December was a short but busy month in Room 201! We have continued to spread kindness around school and our community. One of the gyms in the neighborhood, Fit Body Bootcamp was doing a Toys for Tots drive. Their goal was 200 toys so we helped them by making a 200 link paper chain. Our chain must have helped since they brought in about 300 toys. We also participated in the Scholastic Pajama Drive. Our class collected 55 pairs of PJ's! We passed our goal of 45 and earned a popcorn party the Friday before vacation.
We are moving along nicely in our math program and we are focusing on multiplication right now. We spent some time in the computer lab making "Array Cities." In science we finished up our unit on Motion and Matter. In social studies we have finished up our last few regions. We have now officially learned all 50 states and their capitals. After winter break we will be starting a new research project called State Floats! In language arts we have officially become authors! We have written and illustrated our own book. We have sent the book out to be published and we can't wait to see the final product!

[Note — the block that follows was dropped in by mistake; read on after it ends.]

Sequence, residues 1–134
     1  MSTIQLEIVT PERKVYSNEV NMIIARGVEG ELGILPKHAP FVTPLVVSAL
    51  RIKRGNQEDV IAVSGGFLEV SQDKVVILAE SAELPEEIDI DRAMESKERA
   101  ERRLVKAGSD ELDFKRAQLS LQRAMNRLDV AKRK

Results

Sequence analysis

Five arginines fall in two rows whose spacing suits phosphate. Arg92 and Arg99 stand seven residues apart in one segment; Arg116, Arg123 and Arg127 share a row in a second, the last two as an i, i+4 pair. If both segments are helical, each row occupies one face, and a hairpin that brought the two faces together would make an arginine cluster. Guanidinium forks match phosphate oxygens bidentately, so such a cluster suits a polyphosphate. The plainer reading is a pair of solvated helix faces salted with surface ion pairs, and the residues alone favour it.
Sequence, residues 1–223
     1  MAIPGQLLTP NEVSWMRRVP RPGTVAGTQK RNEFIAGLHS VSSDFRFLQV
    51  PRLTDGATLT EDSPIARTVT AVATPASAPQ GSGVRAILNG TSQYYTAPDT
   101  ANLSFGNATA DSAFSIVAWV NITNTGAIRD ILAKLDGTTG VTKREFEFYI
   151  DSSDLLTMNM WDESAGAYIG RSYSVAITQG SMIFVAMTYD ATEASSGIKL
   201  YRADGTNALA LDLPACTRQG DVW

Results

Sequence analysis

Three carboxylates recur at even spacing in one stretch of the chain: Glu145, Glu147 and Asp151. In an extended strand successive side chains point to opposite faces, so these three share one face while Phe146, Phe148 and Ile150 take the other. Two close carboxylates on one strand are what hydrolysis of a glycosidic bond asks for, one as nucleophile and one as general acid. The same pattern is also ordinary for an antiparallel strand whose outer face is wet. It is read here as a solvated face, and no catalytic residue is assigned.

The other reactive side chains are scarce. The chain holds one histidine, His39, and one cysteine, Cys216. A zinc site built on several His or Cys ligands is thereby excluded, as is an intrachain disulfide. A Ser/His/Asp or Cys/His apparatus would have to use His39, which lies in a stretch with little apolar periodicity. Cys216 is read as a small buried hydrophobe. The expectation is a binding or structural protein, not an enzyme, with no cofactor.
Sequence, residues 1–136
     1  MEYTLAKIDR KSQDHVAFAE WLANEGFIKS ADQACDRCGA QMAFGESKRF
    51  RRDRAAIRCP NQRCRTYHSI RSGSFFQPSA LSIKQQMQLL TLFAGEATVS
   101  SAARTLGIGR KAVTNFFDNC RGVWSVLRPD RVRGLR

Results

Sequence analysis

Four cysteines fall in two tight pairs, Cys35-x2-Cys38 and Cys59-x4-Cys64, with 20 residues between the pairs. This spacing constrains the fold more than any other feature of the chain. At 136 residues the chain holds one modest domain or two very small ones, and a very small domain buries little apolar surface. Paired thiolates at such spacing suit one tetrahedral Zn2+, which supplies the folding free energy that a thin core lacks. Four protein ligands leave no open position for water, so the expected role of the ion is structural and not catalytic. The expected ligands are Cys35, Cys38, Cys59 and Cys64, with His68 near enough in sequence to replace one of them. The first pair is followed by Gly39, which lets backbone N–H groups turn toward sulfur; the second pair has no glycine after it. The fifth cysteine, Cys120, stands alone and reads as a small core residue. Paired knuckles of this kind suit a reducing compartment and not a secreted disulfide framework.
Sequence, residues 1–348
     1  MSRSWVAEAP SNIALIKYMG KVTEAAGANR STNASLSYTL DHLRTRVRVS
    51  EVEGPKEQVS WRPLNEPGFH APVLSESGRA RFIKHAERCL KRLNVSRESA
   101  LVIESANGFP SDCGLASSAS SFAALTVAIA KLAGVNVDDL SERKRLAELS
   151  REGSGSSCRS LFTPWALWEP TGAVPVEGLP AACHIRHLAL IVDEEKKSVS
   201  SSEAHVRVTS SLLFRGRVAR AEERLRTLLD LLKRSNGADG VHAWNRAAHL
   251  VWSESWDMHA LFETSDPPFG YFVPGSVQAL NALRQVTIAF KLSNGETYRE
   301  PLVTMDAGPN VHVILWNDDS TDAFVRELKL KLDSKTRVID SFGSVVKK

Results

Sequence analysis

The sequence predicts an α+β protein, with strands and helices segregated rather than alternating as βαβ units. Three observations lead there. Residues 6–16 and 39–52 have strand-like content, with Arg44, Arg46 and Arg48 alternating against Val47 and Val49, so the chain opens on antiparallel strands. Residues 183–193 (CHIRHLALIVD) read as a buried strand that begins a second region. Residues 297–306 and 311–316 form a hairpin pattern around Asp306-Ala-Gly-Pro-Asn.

We want to wish everyone a very happy holiday season and an even happier New Year!
From the Desk of Mrs. Thiel:
December was such a busy month! Our social studies unit allowed us the wonderful opportunity to have parent, Samantha Gamble, speak about her experiences on the Navajo Nation. The children enjoyed using the Chrome books to research aspects of a particular tribe and create an informative poster as a group. Lastly, we went to the Grove to learn more about Native American life and culture. We finished our novel Mr.Tucket in connection to our social studies unit.